In the case of MLPQNA described here, we used cross-validation (cf. Geisser 1975) to minimize the size of the validation set ( ~ 10%). Training and validation were therefore performed together using  ~ 80% of the objects as a training set and the remaining  ~ 20% as test set (in practice 400 records in the training set and 115 in the test set). To ensure proper coverage of the PS, we checked that the randomly extracted populations had a spec-z distribution that is compatible with that of the whole KB. The automatized process of the cross-validation was done by performing ten different training runs with the following procedure: (i) we split the training set into ten random subsets, each one composed of 10% of the dataset; (ii) at each training run we apply the 90% of the dataset for training and the excluded 10% for validation. This procedure is able to avoid overfitting on the training set (Bishop 2006). There are several variants of cross validation methods (Sylvain & Celisse 2010). We have chosen the k-fold cross validation in particular, because it is particularly suitable in the presence of a scarcity of known data samples (Geisser 1975). Since Eq. (7) refers to a single training run, for application of the k-fold cross validation procedure, the execution time could be estimated by multiplying the Eq. (7) by the factor k − 1, where k is the total number of runs.

Table 2

Description of the best experiments for the 18 bands (Exp. n. 37) and the 14 bands datasets (Exp. n. 26).

4.2. Model optimization

As is known, supervised machine learning models are powerful methods for learning the hidden correlation between input and output features from training data. Of course, their generalization and prediction capabilities strongly depend on the intrinsic quality of data (signal-to-noise ratio), level of correlation inside of the PS, and the amount of missing data present in the dataset. Among the factors that affect performances, the most relevant is that most ML methods are very sensitive to the presence of Not a Number (NaN) in the dataset to be analyzed (Vashist & Garg 2012). This is especially relevant in astronomical dataset where NaNs may either be nondetections (i.e. objects observed in a given band but not detected since they are below the detection threshold) or related to patches of the sky that have not been observed. The presence of features with a large fraction of NaNs can seriously affect the performances of a given model and lower the accuracy or the generalization capabilities of a specific model. It is therefore good praxis to analyze the performance of a specific model in presence of features with large fractions of NaNs. This procedure is strictly related to the so called feature selection or “pruning of the features” phase which consists in evaluating the significance of individual features to the solution of a specific problem. In what follows we briefly discuss the outcome of the “pruning” performed on the PHAT1 dataset.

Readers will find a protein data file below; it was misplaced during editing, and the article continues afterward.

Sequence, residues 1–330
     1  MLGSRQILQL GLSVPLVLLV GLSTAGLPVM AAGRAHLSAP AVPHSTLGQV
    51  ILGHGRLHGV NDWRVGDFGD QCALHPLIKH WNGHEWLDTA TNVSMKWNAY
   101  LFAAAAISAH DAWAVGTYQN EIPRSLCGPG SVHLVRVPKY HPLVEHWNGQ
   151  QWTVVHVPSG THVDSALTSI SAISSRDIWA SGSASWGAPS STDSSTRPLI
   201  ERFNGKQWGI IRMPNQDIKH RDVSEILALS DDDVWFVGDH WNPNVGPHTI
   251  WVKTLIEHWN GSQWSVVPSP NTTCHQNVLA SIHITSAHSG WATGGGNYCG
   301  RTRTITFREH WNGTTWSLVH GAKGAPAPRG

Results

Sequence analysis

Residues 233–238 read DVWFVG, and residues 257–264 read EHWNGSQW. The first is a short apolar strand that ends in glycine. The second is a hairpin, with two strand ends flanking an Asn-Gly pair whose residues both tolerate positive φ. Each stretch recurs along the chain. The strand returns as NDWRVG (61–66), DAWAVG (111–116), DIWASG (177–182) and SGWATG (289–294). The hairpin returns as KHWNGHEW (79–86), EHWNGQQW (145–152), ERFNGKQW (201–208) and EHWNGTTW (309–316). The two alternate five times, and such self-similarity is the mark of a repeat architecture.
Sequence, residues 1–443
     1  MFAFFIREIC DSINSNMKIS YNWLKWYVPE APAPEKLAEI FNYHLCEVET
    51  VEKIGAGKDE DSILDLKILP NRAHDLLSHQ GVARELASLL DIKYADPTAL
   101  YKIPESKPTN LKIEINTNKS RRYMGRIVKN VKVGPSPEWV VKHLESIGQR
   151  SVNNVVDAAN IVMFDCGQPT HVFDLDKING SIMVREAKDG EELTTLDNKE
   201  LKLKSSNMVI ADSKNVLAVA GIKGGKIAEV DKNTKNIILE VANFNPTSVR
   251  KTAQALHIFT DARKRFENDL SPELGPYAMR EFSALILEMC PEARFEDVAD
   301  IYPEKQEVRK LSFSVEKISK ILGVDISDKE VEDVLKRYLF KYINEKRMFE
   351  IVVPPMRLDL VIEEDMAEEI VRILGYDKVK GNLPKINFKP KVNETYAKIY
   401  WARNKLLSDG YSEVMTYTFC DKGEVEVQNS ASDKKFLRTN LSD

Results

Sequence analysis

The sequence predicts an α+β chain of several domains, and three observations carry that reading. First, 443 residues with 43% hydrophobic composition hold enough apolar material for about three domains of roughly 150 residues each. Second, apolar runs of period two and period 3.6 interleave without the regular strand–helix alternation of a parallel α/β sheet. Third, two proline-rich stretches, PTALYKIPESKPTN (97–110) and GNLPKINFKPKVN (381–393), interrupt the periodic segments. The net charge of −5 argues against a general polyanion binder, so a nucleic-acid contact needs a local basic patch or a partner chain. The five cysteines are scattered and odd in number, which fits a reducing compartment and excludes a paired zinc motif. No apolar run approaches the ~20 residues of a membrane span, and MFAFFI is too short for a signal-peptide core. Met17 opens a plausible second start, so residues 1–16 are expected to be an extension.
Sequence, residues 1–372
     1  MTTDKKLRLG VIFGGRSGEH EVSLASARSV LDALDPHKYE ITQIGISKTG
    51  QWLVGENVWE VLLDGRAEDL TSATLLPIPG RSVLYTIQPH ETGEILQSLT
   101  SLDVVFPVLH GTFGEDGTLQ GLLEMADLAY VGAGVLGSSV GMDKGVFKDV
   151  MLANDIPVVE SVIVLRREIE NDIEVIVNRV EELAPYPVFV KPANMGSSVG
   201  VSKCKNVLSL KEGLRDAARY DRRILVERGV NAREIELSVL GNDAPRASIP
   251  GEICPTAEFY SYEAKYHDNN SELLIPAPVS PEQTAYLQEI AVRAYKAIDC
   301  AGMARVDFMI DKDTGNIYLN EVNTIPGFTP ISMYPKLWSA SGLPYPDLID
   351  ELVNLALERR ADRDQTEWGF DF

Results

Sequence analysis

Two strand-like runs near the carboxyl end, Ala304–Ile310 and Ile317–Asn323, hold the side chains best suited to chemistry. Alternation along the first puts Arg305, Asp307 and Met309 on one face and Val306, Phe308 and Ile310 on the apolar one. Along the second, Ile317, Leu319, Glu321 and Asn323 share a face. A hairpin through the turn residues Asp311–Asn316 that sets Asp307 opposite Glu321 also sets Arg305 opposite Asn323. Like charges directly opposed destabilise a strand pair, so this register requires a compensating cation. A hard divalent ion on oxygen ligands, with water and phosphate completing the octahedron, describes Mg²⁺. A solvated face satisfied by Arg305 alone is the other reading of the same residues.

4.2.1. Pruning of features

It is also necessary to underline that especially in the presence of small datasets, there is a need for compromise. On the one hand, it is necessary to minimize the effects of NaNs; on the other, it is not possible to simply remove each record containing NaNs, because otherwise too much information would be lost.

In Table 1 we list the percentage of NaNs in each photometric band, both in the training and the full datasets. Poor features, namely the fluxes in the K and m5.8 bands, were not used for the subsequent analysis. As shown this difference remains always under 3%, demonstrating that the two datasets are congruent in terms of NaN quantity.

The pruning was performed separately on the two PHAT1 datasets (18-bands and 14-bands). A total of 37 experiments was run on the two datasets, with the various experiments differing in the groups of features removed. We started by considering all features (bands), removing the two worst bands, for instance K and m5.8, whose outlier quantity was over the 15% of patterns. Then a series of experiments was performed by removing one band at a time, by considering the NaNs percentage shown in Table 1.